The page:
WWE: Five Superstars Who Could Have Made It Big (But Didn't)

Seth GrausContributor IIIMay 5, 2011

WWE: Five Superstars Who Could Have Made It Big (But Didn't)

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    Over the past few years, there have been many talented wrestlers who, due to one reason or another, were not used to their full potential. 

    In this slideshow, I will present to you five wrestlers who I personally believe were very close to making it to the top of the roster, or at the very least, had enough talent to warrant a main event push.

    But before you dive into this article, here is a quick clarification: This article will focus on WWE wrestlers from 2005-2010. Wrestlers who are currently wrestling right now will be given a separate slideshow (aside from one exception). 

    With that out of the way, check out the slideshow! 

No. 5: Ted DiBiase Jr.

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    This is the exception.

    It baffles me that DiBiase went from being a key player in major feuds in 2009/2010, to being almost non-existent. The "Legacy" stable turned out to be counter-productive, unless the main objective was to push Orton to the moon.

    While his former stable-mate Cody Rhodes is steadily climbing up the ranks, I really wish that DiBiase, a guy with a good look, solid ring skills, and decent mic skills, is also given another good shot, as I could honestly see this guy having a very successful career. 

    I understand that this guy still has a long way to go, but my gut tells me that a really good shot to push a very solid worker, was missed. 

No.4: Muhammad Hassan

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    Remember this guy? 

    As soon as Muhammad Hassan's entrance music hit, it would take only a split second for the entire audience to react, almost instinctively, with boos. Hassan (real name Mark Copani) is arguably one of the best mic workers in WWE history.

    He was great at getting a reaction out of the crowd, and he wasn't a half-bad wrestler to boot. With a more-than-meets-the eye character to his name, the WWE could have gone a long way with him.

    While he did pander to stereotypes at many points in his short career, there was always an opportunity for building an "underdog" character—something that would have been a brave move for the WWE to do in a post-9/11 America. Just as probable, though, was the possibility for him to become a true main-event heel.

    When an angle involving men in ski masks, helping Hassan attack the Undertaker, aired on the same day as the 7/7 London bombings, the backlash was massive. Hassan, as a result, was released.

No. 3: Shelton Benjamin

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    I'm sure Shelton being on this list is no surprise to anyone.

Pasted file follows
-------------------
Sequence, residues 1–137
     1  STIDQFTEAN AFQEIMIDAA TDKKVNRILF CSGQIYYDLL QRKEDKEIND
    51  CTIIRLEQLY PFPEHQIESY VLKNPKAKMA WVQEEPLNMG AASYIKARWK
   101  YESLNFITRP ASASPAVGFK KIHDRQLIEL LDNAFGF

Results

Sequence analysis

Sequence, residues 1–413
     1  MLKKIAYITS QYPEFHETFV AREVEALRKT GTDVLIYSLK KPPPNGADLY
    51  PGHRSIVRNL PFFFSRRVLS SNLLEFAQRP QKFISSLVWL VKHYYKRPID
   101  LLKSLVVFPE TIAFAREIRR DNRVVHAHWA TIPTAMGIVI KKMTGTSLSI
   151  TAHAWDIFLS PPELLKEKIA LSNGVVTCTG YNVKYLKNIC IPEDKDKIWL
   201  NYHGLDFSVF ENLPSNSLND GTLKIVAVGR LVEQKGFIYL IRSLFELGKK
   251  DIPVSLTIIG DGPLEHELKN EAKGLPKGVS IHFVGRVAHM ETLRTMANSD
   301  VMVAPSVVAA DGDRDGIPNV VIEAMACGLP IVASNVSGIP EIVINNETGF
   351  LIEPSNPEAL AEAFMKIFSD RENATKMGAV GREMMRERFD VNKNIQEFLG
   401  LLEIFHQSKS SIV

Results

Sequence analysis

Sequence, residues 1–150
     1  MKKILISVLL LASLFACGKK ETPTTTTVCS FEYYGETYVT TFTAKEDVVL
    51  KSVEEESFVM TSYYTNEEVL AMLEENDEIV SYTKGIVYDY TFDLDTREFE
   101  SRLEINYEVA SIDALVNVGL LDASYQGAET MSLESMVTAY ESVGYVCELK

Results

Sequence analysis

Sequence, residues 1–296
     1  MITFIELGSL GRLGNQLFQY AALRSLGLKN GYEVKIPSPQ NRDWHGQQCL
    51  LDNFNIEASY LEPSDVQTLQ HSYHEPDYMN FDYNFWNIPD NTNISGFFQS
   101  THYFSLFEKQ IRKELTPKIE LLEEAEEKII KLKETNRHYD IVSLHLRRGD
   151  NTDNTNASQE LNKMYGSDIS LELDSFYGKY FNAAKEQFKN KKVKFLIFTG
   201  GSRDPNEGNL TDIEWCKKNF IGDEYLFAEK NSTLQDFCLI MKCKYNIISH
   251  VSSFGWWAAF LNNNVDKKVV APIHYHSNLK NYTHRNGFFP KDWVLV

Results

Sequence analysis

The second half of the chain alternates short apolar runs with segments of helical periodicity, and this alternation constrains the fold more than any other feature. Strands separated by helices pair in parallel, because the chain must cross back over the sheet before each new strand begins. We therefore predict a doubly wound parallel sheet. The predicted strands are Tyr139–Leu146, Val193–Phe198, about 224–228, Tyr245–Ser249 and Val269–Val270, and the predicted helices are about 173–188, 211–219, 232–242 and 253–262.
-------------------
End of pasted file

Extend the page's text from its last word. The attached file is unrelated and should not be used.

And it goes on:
The guy could wrestle. He had a five-star match with Shawn Michaels on RAW early in his career (Gold Rush tournament, for those curious). He was charismatic, dedicated, and even his mic skills were good.

    While I openly acknowledge that the WWE did give this guy many solid pushes, inconsistent booking (feuding with Evolution one month, and wrestling on Heat the next), as well as bad angles (The Mama angle) kept this guy down. Of course, perhaps he just didn't have "it."

    Regardless, I would've loved to see him go all the way, although at least he was given a solid run in ECW before being released. 

No. 2: Carlito

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    "I spit in the face of people who don't want to be cool."

    In a just world, this guy would have been at the top. While a lot of people may not agree with me, I thought Carlito was one of the best all-around talents in the WWE.

    His matches entertained me thoroughly, and he won over the audience.

    What's not to love? 

No. 1: Mr. Kennedy

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    I could go through a long list of things that I think made Mr. Kennedy one hell of a superstar but, in the end, the fact was that he had the potential to be big and the WWE openly acknowledged this. 

    I'm not claiming that he was the best wrestler on the roster, or even the best mic worker (although he was one hell of a speaker), but damn, that guy had potential.

    If he was able to keep his push, while adjusting and improving to be an even better superstar, he could have made it. Hell, I'll go as far to say that he could have been an icon, although that is my own personal opinion.

    Whichever way you look at it, the guy could get insane reactions as both a heel or a face. With proper improvement, he could have made a big impact.

    Sadly, being injury-prone slowed him down. However, his recklessness in the ring, as well as backstage politics, led to his eventual release. 

That's It!

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    Thanks for checking out the slideshow!

    Feel free to comment, whether you agree or disagree with my choices. As well, feel free to share who you believe had the potential to be a main-event star.